Confessions of a Counterfeit Farm Girl, by Susan McCorkindale. This is the story of a suburban mom and New York career woman who agrees to give up her six-figure job for her husband’s dream of a 500-acre cattle farm. I first attempted to read this book a few years ago and was put off by the writer’s seeming disdain for country life—-and country people. I think I just wasn’t ready at the time to “get” her sense of humor. I came back to the book recently and tried again, and this time I enjoyed it. In the meantime, she released a sequel called 500 Acres and No Place to Hide. Both books are fun reads if you’re willing to accept her high heels in the barnyard. Just remember she doesn’t mean half of what she says.

Animal, Vegetable, Miracle: A Year of Food Life, by Barbara Kingsolver. The bestselling author and her family take a journey away from the industrial-food pipeline to a rural life in which they vow to buy only food raised in their own neighborhood, grow it themselves, or learn to live without it. This is the opposite of the McCorkindale book. It’s so earnest at its task, it’s almost overwrought, but it’s a bestseller for a reason. It’s very well-researched, and spiked with humor when you least expect it. I had to read it in short sittings, though, because it’s a little heavy going at times.

All Creatures Great and Small, by James Herriot. No book list of memoirs about rural living would be complete without this classic multi-million copy bestseller about the challenges of veterinary practice in the English countryside. His compassion for people and love for animals makes for a funny and dramatic story that is timeless. First published in the 1970s and followed by several sequels, it will be in print forever and no one will ever do it better. If you haven’t thought of this one in a while, it’s a good one to re-read, too.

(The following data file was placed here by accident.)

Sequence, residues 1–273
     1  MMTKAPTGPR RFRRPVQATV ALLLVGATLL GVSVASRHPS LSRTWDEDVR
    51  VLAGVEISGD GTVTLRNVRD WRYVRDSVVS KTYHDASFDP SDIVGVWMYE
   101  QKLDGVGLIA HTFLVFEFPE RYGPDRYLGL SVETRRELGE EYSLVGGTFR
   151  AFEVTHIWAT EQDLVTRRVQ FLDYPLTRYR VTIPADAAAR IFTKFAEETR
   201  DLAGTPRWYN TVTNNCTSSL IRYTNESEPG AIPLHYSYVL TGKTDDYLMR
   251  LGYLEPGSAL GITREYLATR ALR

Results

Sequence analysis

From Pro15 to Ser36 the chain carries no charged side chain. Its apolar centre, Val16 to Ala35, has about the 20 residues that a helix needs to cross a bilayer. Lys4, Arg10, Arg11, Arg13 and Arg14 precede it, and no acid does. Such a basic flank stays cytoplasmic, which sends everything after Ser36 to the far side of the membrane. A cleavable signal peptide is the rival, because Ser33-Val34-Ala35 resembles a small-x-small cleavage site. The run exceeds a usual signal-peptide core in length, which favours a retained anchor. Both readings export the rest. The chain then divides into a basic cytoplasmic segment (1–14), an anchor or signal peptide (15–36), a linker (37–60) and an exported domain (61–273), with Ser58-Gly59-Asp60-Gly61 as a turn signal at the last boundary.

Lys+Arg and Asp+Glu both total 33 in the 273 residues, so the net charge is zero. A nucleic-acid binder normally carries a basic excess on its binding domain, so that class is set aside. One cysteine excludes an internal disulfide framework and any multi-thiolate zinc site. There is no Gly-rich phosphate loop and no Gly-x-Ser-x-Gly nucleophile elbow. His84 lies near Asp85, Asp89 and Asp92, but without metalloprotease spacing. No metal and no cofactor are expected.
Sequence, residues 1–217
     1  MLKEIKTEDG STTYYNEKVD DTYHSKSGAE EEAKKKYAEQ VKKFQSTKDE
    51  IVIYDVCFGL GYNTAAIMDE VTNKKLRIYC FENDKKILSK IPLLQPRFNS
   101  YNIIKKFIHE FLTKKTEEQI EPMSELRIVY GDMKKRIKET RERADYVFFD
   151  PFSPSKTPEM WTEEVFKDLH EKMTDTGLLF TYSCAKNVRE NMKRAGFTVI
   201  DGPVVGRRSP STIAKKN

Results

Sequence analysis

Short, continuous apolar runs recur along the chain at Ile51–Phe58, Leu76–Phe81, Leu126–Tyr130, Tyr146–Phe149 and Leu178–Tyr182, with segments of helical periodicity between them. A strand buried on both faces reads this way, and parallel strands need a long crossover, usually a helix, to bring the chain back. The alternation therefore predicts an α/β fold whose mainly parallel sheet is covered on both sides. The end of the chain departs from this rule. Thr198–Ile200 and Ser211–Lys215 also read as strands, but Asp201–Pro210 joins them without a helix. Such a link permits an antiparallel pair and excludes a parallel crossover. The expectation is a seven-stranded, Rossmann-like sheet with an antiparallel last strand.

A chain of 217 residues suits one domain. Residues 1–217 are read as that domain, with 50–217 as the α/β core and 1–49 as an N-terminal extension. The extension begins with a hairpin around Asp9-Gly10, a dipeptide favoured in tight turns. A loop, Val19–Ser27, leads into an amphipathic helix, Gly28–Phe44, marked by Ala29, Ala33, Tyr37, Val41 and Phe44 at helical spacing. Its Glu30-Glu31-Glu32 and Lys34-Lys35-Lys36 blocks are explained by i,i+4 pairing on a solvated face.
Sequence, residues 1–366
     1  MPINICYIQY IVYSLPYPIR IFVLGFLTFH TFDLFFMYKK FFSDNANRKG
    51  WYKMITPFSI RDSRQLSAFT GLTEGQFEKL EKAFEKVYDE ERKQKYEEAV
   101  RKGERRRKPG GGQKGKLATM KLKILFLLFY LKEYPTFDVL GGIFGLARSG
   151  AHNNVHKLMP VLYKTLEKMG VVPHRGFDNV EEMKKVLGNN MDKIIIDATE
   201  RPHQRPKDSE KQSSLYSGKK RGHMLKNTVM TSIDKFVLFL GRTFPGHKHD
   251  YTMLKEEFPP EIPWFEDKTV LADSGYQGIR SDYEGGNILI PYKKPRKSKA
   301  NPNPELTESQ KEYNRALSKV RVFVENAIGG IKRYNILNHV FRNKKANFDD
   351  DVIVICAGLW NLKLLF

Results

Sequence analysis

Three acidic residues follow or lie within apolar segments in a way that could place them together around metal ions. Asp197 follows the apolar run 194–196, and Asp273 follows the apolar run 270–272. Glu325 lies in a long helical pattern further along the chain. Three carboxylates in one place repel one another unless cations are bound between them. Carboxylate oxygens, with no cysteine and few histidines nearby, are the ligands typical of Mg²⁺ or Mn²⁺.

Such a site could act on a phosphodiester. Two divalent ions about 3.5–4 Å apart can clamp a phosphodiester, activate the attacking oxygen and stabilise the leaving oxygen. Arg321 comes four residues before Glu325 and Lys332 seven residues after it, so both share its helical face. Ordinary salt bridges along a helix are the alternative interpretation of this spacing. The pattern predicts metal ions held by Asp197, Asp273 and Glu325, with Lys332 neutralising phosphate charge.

Hit By A Farm: How I Learned to Stop Worrying and Love the Barn, by Catherine Friend. This is another more recent memoir that has become a favorite of mine. Friend dives into a crash course in living off the land when she agrees to her partner’s dream of owning a sheep farm. They take a very organized approach to their preparations, yet find over the course of their adventures what everyone who buys a farm finds out: You can’t prepare for a farm! The sequel, Sheepish, is just as much fun.

A Country Year: Living the Questions, by Sue Hubbell When her thirty-year marriage breaks up, Sue Hubbell finds herself alone and broke on a small Ozarks farm. She challenges herself to tell the absolute truth about her life on the land and finding her way as a woman. This one, I haven’t read yet, but it’s been highly recommended by a number of you, so it’s on my list!